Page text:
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EPA Approves Fungicide to Combat Coffee Leaf Rust

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Courtesy State of Hawaiʻi Department of Agriculture
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WAILUKU, Hawaii — The U.S. Environmental Protection Agency has approved a request by coffee growers in Hawaii to use fungicide to fight a pathogen found on Maui, Hawaii, Oahu and Lanai islands.

The federal agency notified the Hawaii Department of Agriculture earlier this week, approving its request for farmers to fight coffee leaf rust with Priaxor Xemium, The Maui News reported Friday.

Coffee leaf rust was first detected on Maui and the Big Island in October 2020 and on Oahu and Lanai in January 2021.

Infections, which cause coffee plants to change colors, have the ability to wipe out entire coffee crops. Its discovery prompted the Hawaii Board of Agriculture to restrict the movement of coffee plants from the islands.

Priaxor Xemium is permitted for use in controlling leafy vegetables, strawberries, tomatoes, soybeans, wheat and other crops, but was not labeled for specific use on coffee plants.

The state Department of Agriculture, which filed a request in March for an emergency exemption, will now be able to use the fungicide for a year or until its use on coffee plants is added to the product label by the EPA and its producer.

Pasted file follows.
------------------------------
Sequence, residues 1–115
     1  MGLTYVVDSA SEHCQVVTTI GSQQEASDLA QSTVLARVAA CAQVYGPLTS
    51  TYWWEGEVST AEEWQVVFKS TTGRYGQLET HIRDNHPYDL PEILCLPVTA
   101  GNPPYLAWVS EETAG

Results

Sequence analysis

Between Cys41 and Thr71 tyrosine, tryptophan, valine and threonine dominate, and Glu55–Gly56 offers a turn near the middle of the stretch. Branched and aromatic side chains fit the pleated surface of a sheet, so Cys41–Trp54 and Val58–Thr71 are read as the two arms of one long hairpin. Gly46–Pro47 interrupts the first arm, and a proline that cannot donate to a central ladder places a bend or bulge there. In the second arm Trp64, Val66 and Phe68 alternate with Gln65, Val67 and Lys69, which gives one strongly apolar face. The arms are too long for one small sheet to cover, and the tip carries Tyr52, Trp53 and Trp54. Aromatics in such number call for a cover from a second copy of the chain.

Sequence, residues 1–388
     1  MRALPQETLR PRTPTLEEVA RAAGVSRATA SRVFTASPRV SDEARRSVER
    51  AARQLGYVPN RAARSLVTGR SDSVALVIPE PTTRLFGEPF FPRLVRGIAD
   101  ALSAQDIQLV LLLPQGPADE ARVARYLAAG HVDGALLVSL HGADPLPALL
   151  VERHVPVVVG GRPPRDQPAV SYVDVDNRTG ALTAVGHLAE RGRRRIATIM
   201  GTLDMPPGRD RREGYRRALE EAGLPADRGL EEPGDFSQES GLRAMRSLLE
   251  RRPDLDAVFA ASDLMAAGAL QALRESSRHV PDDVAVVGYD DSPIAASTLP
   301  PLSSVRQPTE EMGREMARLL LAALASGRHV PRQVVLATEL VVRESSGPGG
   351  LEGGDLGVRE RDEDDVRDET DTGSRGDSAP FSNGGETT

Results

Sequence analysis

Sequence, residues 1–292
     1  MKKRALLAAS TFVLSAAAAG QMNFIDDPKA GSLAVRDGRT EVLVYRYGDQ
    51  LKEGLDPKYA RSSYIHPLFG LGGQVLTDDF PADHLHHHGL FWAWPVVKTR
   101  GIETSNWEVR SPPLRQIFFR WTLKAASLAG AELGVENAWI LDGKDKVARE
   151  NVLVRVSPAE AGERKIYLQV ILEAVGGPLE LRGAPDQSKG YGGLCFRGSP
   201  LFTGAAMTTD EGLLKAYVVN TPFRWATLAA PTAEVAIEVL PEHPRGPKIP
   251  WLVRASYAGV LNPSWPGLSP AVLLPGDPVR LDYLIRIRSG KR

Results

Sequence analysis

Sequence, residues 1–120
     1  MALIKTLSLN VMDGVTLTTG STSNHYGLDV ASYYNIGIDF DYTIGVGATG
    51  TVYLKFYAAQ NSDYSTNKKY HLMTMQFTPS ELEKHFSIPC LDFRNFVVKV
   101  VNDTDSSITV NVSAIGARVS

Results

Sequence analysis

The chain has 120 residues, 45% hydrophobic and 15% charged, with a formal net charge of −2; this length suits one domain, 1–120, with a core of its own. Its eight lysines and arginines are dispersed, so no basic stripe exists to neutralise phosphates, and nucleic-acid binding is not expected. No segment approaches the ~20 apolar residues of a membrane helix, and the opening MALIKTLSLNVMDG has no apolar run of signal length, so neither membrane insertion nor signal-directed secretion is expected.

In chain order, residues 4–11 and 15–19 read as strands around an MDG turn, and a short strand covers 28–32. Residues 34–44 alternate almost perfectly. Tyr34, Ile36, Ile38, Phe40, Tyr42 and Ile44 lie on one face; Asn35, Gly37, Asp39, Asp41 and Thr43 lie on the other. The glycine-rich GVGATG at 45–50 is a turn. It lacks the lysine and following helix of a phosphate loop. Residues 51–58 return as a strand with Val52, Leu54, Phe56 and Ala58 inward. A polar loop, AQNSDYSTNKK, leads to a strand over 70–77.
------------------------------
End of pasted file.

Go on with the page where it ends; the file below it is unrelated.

“Hawaii coffee growers now have an added method to combat the coffee leaf rust, which is extremely difficult to manage,” Hawaii Board of Agriculture Chair Phyllis Shimabukuro-Geiser said. “Other efforts to minimize the damage and spread of coffee leaf rust include quarantines on the movement of coffee plants and associated material, the import of disease-resistant coffee plants and the development of integrated pest management strategies.”

The board has announced plans to host webinars on the use of the fungicide in June.

Greg Takeshima, acting manager for the state's pesticide branch, spoke with The Conversation about the disease-fighting fungicide in April.

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